Syrians in Turkey could become citizens: Erdoğan
KİLİS - Anadolu Agency
AA photoMillions of Syrians living in Turkey will have a chance to become Turkish citizens, President Recep Tayyip Erdoğan said on July 2.
Speaking in the southern Turkish province of Kilis, which borders Syria and hosts more than 120,000 Syrians, Erdoğan said many of the Syrians now in Turkey want to become citizens of the Republic of Turkey.
“There are steps our Interior Ministry is taking on the issue,” he said.
“We will give the chance to [acquire] citizenship by helping out these brothers and sisters by monitoring through offices set up by the ministry,” Erdoğan added.
Around 2.7 million Syrians who have fled the civil war in their country are being sheltered at camps and in major cities across Turkey.
Referring to the Syrian crisis, which turned violent in 2011 when regime leader Bashar al-Assad cracked down on peaceful protesters, Erdoğan said the Syrians had been “prevented from governing themselves.”
“The organization called Daesh [Islamic State of Iraq and the Levant] is, in fact, a puppet put forward with this aim. The organization called the PYD [the Kurdish Democratic Union Party], and the YPG [the People’s Protection Unit] are subcontractors that were empowered for the same purpose,” he said.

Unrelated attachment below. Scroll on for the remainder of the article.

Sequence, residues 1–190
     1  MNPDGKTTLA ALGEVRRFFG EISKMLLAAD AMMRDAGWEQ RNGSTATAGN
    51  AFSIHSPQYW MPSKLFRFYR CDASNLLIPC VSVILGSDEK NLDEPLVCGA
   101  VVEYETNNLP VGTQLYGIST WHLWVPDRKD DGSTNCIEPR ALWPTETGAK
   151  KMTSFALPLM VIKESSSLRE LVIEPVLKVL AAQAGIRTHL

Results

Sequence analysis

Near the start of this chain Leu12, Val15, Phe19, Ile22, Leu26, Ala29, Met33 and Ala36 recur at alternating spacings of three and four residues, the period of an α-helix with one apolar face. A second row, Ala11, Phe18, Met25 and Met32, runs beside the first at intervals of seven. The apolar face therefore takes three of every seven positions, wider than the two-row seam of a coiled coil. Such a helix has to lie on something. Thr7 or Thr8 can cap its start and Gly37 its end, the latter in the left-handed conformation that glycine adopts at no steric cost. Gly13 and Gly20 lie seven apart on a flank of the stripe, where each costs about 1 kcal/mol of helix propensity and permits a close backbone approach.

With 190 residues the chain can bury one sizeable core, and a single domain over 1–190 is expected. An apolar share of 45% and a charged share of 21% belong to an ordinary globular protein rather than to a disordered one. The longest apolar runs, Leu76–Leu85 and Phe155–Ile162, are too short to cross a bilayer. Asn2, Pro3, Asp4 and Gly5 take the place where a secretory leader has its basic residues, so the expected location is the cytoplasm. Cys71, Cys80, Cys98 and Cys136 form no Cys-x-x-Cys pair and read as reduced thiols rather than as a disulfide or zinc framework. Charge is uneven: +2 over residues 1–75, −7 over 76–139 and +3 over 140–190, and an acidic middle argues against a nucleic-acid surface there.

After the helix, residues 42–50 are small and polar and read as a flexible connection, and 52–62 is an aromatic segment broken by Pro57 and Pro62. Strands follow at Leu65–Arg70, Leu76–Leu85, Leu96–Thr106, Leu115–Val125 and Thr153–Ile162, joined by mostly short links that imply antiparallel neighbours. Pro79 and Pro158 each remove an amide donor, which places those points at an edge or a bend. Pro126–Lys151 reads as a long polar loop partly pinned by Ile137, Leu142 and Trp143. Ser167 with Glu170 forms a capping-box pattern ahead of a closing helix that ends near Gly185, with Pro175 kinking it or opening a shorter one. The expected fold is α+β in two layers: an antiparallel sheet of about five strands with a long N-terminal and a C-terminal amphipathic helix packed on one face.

Erdoğan stressed that just as ISIL does not represent Muslims, “the PYD and YPG do not represent Kurds,” adding that they “are tools used for dirty designs in the region by those who hold their leashes.”
“Today we are defending the same principles that we defended six years ago. We are saying the same things,” Erdoğan said on the country’s attitude toward Syrians.
Syria has remained locked in a vicious civil war since early 2011, when the Assad regime cracked down on pro-democracy protests with unexpected ferocity.
Since then, more than 250,000 people have been killed and more than 10 million displaced, according to U.N. figures.
The conflict in Syria has now driven more than 4 million people – a sixth of the country’s population – to seek sanctuary in neighboring countries, making it the largest refugee crisis for a quarter of a century, according to the U.N.